Second, the Canadian system delivers care privately (such as office, clinics, or hospitals) yet is financed by taxpayer dollars. For the most part, doctors are free to run their practices as private businesses. Depending on the province, physicians can bill patients separately for noncovered services, such as cosmetic dermatology or certain imaging and lab studies. Some rheumatologists in Quebec will charge their patients an additional $40 for the cost of supplies for joint injections. Other physicians have taken a page out of the American concierge medicine experience and adapted it to their system. Because there is a dire shortage of primary care physicians (PCPs), many are charging patients annual membership fees of about $200–$500 in order to join a practice. If a patient chooses not to join, then they must contend with an a la carte menu of eye-popping charges for the work their doctors perform. For example, the fee to fax a prescription refill can run as high as $30, and an e-mail reply to a patient costs about $50 to $75. Many of the provincial regulators have allowed these charges to continue, preferring not to clash with the dwindling number of PCPs.
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Explore This IssueFebruary 2012
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Third, the system is fairly simple to operate. Everyone is issued a healthcare card, which serves as the “credit card” to cover services. This is great for the patient because there is no paperwork to complete and for the most part few, if any, copayments. Physicians submit their charges electronically so that most offices can run on a skeleton support staff. There is only one insurance plan to deal with and the rules and coverage are universal. According to a recent study in Health Affairs, physicians in Ontario only spent about 27% of the total money spent by the average U.S. physician in administrative costs. The per-physician cost of dealing with payers was $22,205 a year in Canada and $82,975 in the United States. They also wasted (my word) only 1/10th the amount of time spent by U.S. physicians in dealing with health plans, according to the study.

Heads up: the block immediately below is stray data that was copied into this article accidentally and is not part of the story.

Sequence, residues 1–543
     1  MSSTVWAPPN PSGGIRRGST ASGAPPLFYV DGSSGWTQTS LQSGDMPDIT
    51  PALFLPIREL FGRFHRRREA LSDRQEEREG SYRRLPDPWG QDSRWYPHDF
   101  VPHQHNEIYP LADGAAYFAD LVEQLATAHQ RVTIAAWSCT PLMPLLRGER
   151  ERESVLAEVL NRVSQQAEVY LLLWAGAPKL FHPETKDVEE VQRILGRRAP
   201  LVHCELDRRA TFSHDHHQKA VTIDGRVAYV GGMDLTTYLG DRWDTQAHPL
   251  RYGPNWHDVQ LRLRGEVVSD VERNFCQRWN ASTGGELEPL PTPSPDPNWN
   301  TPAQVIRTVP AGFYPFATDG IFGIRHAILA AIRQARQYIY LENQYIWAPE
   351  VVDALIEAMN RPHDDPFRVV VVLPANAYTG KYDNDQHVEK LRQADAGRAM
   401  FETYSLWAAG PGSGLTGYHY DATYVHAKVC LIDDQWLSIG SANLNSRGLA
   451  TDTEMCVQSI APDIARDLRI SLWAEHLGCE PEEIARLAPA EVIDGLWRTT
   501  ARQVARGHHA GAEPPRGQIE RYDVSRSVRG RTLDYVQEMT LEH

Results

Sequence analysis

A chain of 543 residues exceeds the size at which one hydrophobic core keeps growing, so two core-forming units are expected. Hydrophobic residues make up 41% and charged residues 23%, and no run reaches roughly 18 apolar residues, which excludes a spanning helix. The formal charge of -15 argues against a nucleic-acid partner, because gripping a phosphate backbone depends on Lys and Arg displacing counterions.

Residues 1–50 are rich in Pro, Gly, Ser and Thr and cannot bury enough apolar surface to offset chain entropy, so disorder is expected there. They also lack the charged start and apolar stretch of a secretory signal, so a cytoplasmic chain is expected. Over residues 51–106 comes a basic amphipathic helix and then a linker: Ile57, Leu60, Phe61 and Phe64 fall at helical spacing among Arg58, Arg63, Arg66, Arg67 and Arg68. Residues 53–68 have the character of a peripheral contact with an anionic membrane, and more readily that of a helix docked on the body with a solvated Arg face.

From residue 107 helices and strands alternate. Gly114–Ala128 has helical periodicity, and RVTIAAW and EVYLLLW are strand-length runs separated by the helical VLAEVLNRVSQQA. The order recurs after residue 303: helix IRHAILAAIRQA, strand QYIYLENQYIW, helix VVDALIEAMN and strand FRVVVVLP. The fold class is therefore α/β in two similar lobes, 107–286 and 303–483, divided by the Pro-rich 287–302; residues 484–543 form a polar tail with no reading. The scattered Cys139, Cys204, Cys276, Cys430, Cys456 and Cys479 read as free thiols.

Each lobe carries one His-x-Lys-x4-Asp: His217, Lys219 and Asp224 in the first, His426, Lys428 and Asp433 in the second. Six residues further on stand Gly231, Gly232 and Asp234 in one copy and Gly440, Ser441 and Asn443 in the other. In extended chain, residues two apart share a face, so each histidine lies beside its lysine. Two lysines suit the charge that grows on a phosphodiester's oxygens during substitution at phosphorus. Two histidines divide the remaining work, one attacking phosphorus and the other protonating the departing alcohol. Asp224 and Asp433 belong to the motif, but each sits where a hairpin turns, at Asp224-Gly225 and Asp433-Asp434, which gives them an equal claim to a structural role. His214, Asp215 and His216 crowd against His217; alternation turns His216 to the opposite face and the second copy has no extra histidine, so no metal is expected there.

This ties into the fourth point; there is single list of covered procedures and charges. This is fairly straightforward when compared with the Untied States, where there are separate lists for Medicare, Medicare advantage plans, Medicaid, the Blues, the privates, the indemnities, the HMOs, and so on. In Canada, the submitted physician charge and the payment are identical. It is a non-negotiable amount and does not vary from provider to provider. No more bloated “paper charges” in an effort to drive up the cost of the receivable.
Potential Problems with Single Payer
So these are some of the wonderful attributes of the single-payer universal healthcare system. A casual observer may wonder why this type of plan has met with so much resistance in the United States. I think I can offer a few reasons.